Before delving too deep into the study of marketing, it is worth pausing to consider the different types of market that exist. Markets can be analysed via the product itself, or end-consumer, or both. The most common distinction is between consumer and industrial markets; let's take a look at these types of market in more detail.
Consumer markets are the markets for products and services bought by individuals for their own or family use. Goods bought in consumer markets can be categorised in several ways:
• Fast-moving consumer goods (“FMCG's”)
– These are high volume, low unit value, fast repurchase
– Examples include: Ready meals; Baked Beans; Newspapers
• Consumer durables
– These have low volume but high unit value. Consumer durables are often further divided into:
– White goods (e.g. fridge-freezers; cookers; dishwashers; microwaves)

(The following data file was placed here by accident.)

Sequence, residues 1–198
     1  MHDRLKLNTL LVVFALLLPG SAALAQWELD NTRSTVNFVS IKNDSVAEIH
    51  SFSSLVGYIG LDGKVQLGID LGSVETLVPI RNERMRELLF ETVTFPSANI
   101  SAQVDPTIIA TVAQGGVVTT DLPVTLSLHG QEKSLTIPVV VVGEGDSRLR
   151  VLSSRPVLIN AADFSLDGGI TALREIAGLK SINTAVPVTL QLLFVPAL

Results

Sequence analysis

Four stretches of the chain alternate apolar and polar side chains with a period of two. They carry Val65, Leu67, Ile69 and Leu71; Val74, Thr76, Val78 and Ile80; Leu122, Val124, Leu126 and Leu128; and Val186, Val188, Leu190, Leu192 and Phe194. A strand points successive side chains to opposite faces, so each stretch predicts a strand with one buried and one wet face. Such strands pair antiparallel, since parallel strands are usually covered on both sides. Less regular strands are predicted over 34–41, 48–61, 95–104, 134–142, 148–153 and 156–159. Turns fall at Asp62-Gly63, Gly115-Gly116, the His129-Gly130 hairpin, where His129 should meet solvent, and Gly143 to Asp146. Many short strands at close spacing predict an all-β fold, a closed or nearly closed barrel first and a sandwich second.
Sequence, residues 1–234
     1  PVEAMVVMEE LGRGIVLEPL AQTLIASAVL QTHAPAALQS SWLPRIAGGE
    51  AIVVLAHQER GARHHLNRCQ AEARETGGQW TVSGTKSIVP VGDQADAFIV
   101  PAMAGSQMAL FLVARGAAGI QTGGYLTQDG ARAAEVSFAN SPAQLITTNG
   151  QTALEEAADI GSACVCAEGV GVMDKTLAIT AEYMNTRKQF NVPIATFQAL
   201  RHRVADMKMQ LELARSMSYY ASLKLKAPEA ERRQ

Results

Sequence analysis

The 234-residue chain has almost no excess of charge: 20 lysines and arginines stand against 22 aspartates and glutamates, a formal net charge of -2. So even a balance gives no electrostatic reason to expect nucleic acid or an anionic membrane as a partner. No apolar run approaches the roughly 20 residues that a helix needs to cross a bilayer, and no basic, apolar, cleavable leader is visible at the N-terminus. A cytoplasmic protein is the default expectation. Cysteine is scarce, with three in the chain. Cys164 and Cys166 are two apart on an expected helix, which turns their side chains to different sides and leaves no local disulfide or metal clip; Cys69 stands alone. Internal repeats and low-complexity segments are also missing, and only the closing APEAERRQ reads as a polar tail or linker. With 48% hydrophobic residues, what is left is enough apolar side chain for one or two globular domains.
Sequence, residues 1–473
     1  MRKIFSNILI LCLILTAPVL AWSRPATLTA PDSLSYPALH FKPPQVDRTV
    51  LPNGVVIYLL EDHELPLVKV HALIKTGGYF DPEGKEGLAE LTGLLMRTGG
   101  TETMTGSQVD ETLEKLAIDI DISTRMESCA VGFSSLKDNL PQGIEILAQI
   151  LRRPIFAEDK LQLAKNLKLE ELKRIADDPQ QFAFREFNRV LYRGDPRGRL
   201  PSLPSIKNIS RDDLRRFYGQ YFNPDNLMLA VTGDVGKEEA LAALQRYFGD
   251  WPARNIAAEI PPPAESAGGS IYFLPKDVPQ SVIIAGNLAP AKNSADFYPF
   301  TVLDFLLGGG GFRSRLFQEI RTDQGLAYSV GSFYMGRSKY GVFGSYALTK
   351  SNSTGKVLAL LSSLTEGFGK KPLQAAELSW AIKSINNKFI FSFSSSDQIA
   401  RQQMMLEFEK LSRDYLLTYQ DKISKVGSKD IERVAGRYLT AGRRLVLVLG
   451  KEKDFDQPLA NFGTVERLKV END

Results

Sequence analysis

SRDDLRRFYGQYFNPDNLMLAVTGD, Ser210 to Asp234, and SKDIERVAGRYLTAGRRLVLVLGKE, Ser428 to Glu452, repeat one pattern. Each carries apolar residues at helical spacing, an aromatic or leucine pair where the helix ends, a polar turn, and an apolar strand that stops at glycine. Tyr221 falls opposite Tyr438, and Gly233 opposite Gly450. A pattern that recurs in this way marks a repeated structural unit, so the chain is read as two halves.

– Brown goods (e.g. DVD players; games consoles; personal computers)
• Soft goods
– Soft goods are similar to consumer durables, except that they wear out more quickly and therefore have a shorter replacement cycle
– Examples include clothes, shoes
• Services (e.g. hairdressing, dentists, childcare)
Industrial markets involve the sale of goods between businesses. These are goods that are not aimed directly at consumers. Industrial markets include
• Selling finished goods
– Examples include office furniture, computer systems
• Selling raw materials or components
– Examples include steel, coal, gas, timber
• Selling services to businesses
– Examples include waste disposal, security, accounting & legal services
Industrial markets often require a slightly different marketing strategy and mix. In particular, a business may have to focus on a relatively small number of potential buyers (e.g. the IT Director responsible for ordering computer equipment in a multinational group). Whereas consumer marketing tends to be aimed at the mass market (in some cases, many millions of potential customers), industrial marketing tends to be focused.
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